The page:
South Island nurse prescriber programme going strong as it nears 100 graduates

March 6, 2024

Te Waipounamu (South Island)’s first community nurse prescriber programme is celebrating two years and 52 graduates — and there are no signs of it slowing down, its clinical education lead Nicky Burwood says.

Another 36 nurses are currently enrolled, and once they graduate the six-month online course will have brought a total of 88 new community nurse prescribers into the Te Waipounamu workforce, since it launched two years ago.


‘The increase in patient access and outcomes from this can be phenomenal.’


Nurse practitioner Burwood, who runs the programme — a collaboration between primary health organisation WellSouth and Te Whatu Ora —  said having a locally-run course not only boosted nurse prescriber numbers but “helps connect our Te Waipounamu nursing sector”.

This was crucial amid ongoing pressure to recruit and retain clinical staff — particularly in the southern region where many practices were rural, she said.

“This is really meeting the demands of our population. A lot of the South Island is really rural. We’ve got rural nurse specialists out there who are tied by standing orders, which aren’t really broad, so the increase in patient access and outcomes from this can be phenomenal.”


Photo: AdobeStock.

Burwood said the course was “accessible to pretty much any nurse in the South Island” able to meet Nursing Council criteria and who would have the ability to utilise prescribing within their roles.

“Nurses are taking it into different places — we have a lot of practice nurses that come through, we’ve had some school nurses, district nurses and public health nurses.”

Burwood said more community nurse prescribers meant more choice for patients, reduced waiting times and stronger relationships between nurses and patients — as well as benefiting the nurses themselves.

‘It’s fantastic, as it’s increasing the motivation for nurses wanting to learn more, wanting to do more.’

“Continued professional development like this is keeping our primary care and community-based nurses working at the top of their scope, which is good for them, and is great for patients.”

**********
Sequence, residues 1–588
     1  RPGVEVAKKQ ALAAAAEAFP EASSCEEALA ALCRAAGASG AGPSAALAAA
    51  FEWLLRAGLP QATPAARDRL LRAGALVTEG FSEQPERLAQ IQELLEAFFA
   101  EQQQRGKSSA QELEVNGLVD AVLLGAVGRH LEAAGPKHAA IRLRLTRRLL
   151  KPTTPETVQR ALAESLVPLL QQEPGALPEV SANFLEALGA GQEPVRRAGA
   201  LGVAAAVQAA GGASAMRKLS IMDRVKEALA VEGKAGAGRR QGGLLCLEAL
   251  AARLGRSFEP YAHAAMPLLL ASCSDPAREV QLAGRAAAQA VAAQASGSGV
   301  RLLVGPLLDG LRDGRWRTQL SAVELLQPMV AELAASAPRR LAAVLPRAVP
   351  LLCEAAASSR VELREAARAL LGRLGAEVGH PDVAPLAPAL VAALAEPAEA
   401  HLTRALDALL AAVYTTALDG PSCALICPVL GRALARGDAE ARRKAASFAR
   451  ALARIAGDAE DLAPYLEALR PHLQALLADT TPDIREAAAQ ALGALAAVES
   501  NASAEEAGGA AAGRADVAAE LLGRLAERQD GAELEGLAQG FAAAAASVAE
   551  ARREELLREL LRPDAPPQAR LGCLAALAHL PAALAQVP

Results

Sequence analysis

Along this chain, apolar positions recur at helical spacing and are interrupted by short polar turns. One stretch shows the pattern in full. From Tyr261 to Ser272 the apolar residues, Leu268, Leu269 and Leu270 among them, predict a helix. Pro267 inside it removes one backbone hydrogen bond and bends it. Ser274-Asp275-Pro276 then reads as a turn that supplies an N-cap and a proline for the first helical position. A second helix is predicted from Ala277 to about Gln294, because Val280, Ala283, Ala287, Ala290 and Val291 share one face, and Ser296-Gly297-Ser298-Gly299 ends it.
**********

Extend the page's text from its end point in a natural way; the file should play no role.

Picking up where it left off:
Nicky Burwood

Many had found a “whole new lease of life” with more job satisfaction and motivation, after graduating — with some going on to further study, Burwood said.

“It’s fantastic, as it’s increasing the motivation for nurses wanting to learn more, wanting to do more.”

Community nurse prescribers can prescribe from a limited number of about 80 common medicines for minor ailments and illnesses in normally healthy people.

From there, nurses could go on to become designated prescribers in primary health and specialty teams who are able to prescribe from 480 medications and are less guideline-based, Burwood said. That required a post-graduate diploma.

The next and highest level was a nurse practitioner who can practice with high autonomy and prescribe almost any medications.

‘Two ends of the scale’

Those taking up the community nurse prescribing course tended to be at either the start or end of their careers, Burwood said.

“We’re seeing people really early in their career doing it and then people right at the end of their career, who’ve got all of this knowledge but just don’t want to go through a post-grad programme but want that autonomy to be able to prescribe – so that tends to be the two ends of the scale.”

There were three cohorts per year which ranged from 10 to 25 students. Burwood said interest was strong and growing, with 25 students in the first 2024 intake, compared to 12 in its third cohort for 2023.

Te Waipounamu registered nurse prescribing in community health programme is a  six-month, online, fee-free programme that provides re-certification as a designated nurse prescriber in community health through the Nursing Council.

It was developed and is delivered by WellSouth, the primary health organisation (PHO) for Otago and Southland, in collaboration with Te Whatu Ora – Nelson Marlborough.  The programme now collaborates with most of the Te Waipounamu PHOs and Te Whatu Ora districts and welcomes nurses from all parts of the island.

Details for all registered nurse prescribing options can be found here.